Capt Tom Moore, 99, the Second World War veteran who touched hearts around the world with his attempt to raise money for British healthcare workers, is continuing his unexpected brush with fame.
Capt Moore started out hoping to raise £1,000 for the National Health Service by walking around his garden 100 times.
He far surpassed his target after footage of him breaking the record touched the nation. He has now raised £27 million (Dh123.3m/US$33.5m) and counting.
Capt Moore, born in Keighley in West Yorkshire, will be the guest of honour, appearing by video link, at the opening of a Nightingale hospital in Harrogate, North Yorkshire on Tuesday.
The Nightingale hospitals have been built to help treat coronavirus patients.
Capt Moore has also produced the country's number one song in the Official Big Top 40 chart after releasing a cover of You'll Never Walk Alone with Michael Ball and the NHS Voices of Care Choir.
He is holding off Dame Vera Lynn, a singer loved for her Second World War songs, who has released a song also to raise money for the NHS.
Lynn's classic We'll Meet Again, this time with opera star Katherine Jenkins, is at number three.
On Monday, the sweet-natured Capt Moore apologised to her after beating her to number one, revealing that he once saw her perform while serving in the British army.
"I feel rather sorry because she is such a superstar and has been on the top for so long," he told Good Morning Britain.
“She was so good. She came to Burma and I saw her while she was out there.
"When we were in the firing line, Dame Vera Lynn came down to see us all and gave us so much more additional heart.”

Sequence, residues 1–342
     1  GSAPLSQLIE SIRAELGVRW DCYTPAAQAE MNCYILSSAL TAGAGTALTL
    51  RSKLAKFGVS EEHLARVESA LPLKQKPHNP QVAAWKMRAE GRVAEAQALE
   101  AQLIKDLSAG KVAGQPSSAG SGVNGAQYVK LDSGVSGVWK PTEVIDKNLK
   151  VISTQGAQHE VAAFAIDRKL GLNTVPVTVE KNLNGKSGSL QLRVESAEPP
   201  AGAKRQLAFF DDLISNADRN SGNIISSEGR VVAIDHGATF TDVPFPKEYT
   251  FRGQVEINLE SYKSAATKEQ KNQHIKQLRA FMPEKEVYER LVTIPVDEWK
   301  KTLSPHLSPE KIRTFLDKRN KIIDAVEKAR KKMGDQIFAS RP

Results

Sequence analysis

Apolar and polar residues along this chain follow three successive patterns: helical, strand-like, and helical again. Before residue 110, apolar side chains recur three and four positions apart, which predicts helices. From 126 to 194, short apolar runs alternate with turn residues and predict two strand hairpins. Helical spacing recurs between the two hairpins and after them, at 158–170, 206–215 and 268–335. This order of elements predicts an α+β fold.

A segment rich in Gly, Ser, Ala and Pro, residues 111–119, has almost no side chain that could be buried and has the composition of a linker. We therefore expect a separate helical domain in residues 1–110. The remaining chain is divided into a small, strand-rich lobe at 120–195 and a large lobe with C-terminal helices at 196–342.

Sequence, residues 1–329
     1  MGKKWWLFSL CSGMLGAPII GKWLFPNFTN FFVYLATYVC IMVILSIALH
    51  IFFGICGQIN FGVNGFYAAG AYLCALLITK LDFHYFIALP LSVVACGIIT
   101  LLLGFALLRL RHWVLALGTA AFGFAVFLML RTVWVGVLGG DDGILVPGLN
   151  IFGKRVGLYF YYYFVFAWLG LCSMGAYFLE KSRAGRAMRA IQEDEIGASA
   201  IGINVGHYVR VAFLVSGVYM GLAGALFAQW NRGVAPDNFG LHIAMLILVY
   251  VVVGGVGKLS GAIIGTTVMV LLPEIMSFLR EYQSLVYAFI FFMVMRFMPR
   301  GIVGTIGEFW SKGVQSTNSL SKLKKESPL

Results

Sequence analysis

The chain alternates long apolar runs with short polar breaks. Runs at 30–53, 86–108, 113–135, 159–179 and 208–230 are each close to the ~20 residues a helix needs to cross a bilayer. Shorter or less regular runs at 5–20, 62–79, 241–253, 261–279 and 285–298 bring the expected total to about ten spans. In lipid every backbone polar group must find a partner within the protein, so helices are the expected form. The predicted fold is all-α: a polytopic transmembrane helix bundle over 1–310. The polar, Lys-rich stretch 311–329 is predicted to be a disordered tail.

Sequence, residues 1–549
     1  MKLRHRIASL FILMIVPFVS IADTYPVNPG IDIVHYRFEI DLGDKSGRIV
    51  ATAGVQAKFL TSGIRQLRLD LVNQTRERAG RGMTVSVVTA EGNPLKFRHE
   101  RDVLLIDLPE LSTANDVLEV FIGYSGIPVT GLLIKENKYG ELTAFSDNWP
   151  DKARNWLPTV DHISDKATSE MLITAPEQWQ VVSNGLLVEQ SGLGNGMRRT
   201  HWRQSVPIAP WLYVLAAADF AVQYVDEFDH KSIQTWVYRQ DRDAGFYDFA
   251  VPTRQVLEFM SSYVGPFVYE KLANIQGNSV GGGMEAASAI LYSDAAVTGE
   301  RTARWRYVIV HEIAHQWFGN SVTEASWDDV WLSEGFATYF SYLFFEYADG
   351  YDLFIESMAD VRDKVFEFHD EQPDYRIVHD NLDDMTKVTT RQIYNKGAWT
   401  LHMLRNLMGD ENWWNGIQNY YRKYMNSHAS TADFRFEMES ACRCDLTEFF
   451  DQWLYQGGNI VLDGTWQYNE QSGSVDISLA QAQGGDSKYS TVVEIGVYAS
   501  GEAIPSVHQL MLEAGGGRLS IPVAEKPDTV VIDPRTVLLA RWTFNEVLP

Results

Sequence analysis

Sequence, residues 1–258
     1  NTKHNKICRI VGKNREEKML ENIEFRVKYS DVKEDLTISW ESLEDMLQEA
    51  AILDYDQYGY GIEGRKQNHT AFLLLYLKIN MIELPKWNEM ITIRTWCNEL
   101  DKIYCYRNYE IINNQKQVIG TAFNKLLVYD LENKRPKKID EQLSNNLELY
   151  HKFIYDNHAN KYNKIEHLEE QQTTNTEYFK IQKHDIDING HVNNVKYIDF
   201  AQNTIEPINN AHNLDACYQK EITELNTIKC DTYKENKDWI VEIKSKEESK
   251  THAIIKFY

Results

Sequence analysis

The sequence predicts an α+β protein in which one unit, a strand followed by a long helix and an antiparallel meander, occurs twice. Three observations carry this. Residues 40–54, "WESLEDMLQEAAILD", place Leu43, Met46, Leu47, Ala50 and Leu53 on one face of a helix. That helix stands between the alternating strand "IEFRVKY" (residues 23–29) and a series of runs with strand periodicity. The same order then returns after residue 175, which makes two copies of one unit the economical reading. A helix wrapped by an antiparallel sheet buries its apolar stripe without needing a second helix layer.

The singer wrote a letter to Capt Moore to applaud him for his efforts to raise money for the NHS.
"I was absolutely amazed when I got this letter from Dame Vera, because she's always been such a top person, backing up this country with her White Cliffs of Dover," he said.
"Thank you very, very much Dame Vera. It is so kind of you and thoughtful to send me such a lovely note."
When Capt Moore's daughter, Hannah Ingram-Moore, learnt that her dad was number one, she said: “Thank you for supporting us all and thank you to the British public. We really appreciate it.”
His oldest daughter, Lucy Teixeria, said on Tuesday that it was “very painful” not to be with him when he finished his walk.
Ms Teixeria said she would visit him as soon as lockdown restrictions were lifted.
"I am just lucky in that I have been able to see him on TV," she said.
The former army veteran also has that most modern affirmation of fame – his own Wikipedia entry.
Capt Moore was praised by Prince William, Duke of Cambridge, who described him as a "one-man fundraising machine".
William also made an undisclosed donation to the NHS.